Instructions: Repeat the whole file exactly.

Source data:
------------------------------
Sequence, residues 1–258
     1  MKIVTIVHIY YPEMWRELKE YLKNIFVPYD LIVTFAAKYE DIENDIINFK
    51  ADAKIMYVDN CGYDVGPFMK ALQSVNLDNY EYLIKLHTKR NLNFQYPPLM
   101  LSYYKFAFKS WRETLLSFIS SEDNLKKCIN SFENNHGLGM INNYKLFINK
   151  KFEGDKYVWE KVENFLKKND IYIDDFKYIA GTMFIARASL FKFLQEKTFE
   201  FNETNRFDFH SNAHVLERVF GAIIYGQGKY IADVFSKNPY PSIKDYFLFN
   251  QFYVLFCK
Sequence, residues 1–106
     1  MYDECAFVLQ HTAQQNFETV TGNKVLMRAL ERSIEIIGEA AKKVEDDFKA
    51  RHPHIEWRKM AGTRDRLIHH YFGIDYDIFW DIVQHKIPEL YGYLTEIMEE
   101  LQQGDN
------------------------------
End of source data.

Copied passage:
Sequence, residues 1–258
     1  MKIVTIVHIY YPEMWRELKE YLKNIFVPYD LIVTFAAKYE DIENDIINFK
    51  ADAKIMYVDN CGYDVGPFMK ALQSVNLDNY EYLIKLHTKR NLNFQYPPLM
   101  LSYYKFAFKS WRETLLSFIS SEDNLKKCIN SFENNHGLGM INNYKLFINK
   151  KFEGDKYVWE KVENFLKKND IYIDDFKYIA GTMFIARASL FKFLQEKTFE
   201  FNETNRFDFH SNAHVLERVF GAIIYGQGKY IADVFSKNPY PSIKDYFLFN
   251  QFYVLFCK
Sequence, residues 1–106
     1  MYDECAFVLQ HTAQQNFETV TGNKVLMRAL ERSIEIIGEA AKKVEDDFKA
    51  RHPHIEWRKM AGTRDRLIHH YFGIDYDIFW DIVQHKIPEL YGYLTEIMEE
   101  LQQGDN